Quality & outcomes in cardiac surgery

December 5, 2013 Glenn R. Barnhart

Do all cardiac surgery programs have the same quality outcomes? This is an important question all consumers must ask themselves if they or their loved ones must undergo an operation on their heart. Heart surgery has become increasingly common in recent years. Earlier awareness on the part of physicians and patients, advanced diagnostic testing and an increasing aging population with the inherent prevalence of heart disease has led to this surge in cases. Additionally, cardiac surgical teams are now operating on patients with multiple medical problems and doing more complex operations. Even with these factors, outcomes for patients continue to be optimal at centers of excellence.

But for today’s consumer, how does one choose where to have heart surgery? There are numerous choices both locally and nationally for all metropolitan areas. The consumer must ask: how do I know I am going to get the best of care? Should I go to a center with a “national” reputation? Is it just the doctor that makes the difference or does it involve the entire team caring for me: cardiologists, cardiac anesthesiologists,  physician assistants, ICU nursing and intensivists (doctors specialized in the care of the ICU patient), OR staff, etc.? All of these questions must be asked before considering such an important operation at any hospital by any surgical team.

One of the best yardsticks for outcomes to help patients choosing where to have their surgery is called the Adult Cardiac Surgery Database. This database was started in 1989 by the Society of Thoracic Surgery and has become a model for professional accountability when assessing a program’s outcomes in heart surgery. Since January of 2011 this database has been publicly reported. This database now represents patients at 998 centers (over 90% of all centers doing cardiac surgery) who have undergone heart surgery for various indications and allows centers around the country to evaluate their own outcomes and see where improvements can be made. Programs are rated on a 3 star system: 1 star means that the program is in the lowest 1-15 percentile, 2 star rating means that the program is in the middle16-84 percentile and a 3 star rating means that the program is in the highest quality 85-99 percentile of all 998 reporting centers in the country.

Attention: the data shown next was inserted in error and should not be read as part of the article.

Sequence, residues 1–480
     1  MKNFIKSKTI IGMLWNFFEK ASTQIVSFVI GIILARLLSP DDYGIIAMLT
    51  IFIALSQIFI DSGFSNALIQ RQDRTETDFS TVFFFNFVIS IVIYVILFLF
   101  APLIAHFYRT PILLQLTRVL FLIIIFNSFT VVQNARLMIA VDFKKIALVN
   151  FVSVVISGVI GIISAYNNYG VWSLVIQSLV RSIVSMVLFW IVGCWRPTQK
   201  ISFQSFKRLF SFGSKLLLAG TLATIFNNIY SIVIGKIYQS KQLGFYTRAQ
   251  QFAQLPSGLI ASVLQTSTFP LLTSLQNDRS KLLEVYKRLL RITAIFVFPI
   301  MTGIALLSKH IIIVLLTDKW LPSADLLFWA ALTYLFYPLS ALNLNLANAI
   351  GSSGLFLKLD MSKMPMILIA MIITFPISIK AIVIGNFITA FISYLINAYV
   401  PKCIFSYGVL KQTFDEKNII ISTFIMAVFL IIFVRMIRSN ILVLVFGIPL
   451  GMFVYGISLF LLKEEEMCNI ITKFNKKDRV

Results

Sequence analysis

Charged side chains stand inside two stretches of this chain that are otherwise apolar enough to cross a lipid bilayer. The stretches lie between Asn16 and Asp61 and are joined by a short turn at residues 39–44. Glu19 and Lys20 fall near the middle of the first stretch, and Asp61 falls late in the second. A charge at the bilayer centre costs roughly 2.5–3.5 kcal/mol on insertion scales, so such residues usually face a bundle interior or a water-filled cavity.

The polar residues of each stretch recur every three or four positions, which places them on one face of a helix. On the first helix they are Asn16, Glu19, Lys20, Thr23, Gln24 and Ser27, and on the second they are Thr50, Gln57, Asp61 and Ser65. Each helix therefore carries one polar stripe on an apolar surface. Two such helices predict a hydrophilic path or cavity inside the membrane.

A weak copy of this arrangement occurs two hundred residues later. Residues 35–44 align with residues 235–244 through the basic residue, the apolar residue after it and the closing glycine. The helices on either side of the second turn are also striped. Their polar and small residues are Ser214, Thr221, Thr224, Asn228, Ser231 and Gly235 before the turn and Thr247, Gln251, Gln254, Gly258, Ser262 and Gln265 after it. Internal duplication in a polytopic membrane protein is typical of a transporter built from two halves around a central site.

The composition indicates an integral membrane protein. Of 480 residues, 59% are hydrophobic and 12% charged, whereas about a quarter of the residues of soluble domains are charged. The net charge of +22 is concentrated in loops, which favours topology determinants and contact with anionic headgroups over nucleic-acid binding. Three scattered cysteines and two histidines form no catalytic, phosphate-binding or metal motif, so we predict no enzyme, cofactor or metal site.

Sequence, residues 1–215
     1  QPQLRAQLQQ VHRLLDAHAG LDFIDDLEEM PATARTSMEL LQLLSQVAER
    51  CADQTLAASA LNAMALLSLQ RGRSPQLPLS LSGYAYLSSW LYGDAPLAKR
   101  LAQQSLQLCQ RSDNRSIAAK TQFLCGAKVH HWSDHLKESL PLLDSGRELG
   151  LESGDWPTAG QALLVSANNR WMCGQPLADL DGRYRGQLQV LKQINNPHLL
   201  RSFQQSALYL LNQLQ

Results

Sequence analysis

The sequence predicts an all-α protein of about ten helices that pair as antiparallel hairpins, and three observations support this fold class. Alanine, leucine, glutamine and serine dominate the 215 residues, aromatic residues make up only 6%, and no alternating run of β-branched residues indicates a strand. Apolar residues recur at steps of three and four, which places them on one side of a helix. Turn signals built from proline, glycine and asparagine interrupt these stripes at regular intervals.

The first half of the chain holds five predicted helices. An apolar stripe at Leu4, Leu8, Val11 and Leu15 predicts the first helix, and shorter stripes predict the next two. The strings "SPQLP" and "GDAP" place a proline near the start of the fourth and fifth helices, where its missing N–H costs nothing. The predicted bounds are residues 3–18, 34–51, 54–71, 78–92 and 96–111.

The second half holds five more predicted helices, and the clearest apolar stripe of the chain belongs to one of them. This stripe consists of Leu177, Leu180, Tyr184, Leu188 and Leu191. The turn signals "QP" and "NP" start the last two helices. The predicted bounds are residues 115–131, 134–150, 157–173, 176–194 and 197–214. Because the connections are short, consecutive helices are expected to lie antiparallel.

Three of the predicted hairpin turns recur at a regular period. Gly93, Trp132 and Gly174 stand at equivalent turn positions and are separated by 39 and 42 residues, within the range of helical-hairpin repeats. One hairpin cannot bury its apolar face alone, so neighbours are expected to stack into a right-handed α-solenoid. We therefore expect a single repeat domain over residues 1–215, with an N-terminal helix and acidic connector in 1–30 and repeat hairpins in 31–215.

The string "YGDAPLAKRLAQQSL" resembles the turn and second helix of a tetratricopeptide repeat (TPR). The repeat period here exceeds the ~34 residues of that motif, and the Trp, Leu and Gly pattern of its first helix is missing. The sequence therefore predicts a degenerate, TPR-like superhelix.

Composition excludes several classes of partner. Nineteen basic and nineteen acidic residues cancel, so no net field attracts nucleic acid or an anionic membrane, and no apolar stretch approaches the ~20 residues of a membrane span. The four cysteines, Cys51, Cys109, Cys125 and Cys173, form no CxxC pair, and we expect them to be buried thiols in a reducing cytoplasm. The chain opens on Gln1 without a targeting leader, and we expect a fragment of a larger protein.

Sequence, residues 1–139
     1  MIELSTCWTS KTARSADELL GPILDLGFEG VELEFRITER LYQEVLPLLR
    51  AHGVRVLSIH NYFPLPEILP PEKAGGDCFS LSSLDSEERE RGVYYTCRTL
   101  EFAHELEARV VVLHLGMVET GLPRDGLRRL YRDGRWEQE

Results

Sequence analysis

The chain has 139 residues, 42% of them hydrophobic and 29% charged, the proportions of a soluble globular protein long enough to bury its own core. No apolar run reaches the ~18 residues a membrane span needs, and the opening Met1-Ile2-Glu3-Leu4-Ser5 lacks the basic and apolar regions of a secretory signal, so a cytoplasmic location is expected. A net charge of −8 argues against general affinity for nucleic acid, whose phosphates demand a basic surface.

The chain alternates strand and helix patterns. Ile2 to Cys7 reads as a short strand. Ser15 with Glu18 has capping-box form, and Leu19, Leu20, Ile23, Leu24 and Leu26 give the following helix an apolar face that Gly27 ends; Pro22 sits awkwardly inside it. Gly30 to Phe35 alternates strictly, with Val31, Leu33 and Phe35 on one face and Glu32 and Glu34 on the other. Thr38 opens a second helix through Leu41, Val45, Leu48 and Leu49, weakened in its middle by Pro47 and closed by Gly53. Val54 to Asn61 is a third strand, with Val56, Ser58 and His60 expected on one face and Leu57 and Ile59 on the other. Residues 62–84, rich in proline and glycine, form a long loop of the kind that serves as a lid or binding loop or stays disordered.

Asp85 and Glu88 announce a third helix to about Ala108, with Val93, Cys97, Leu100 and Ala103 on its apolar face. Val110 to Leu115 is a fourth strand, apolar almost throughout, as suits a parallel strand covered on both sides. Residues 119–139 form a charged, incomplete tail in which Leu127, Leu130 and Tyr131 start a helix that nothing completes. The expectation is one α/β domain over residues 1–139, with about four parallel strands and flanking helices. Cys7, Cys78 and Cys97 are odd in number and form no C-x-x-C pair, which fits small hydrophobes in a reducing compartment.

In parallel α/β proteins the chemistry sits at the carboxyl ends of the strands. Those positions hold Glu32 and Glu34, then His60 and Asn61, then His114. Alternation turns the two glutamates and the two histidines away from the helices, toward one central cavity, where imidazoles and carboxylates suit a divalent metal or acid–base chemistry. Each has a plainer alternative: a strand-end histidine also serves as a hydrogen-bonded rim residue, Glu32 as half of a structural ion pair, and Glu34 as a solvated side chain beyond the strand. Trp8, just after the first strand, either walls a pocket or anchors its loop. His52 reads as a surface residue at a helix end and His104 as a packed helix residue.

Recently, Swedish Medical Center received our report card from the above database. We are pleased to report that we are a 3 star program in Coronary Artery Bypass Surgery, Aortic Valve Replacement as well as simultaneous Aortic Valve Replacement and Coronary Artery Bypass Surgery. This places Swedish in a group of only 23 hospitals across the country to achieve these quality metrics. While we are pleased with these outcomes, we are continuing to make improvements in how we care for our patients so that every patient will get the best possible outcome. Click here to learn more about heart surgery at Swedish.

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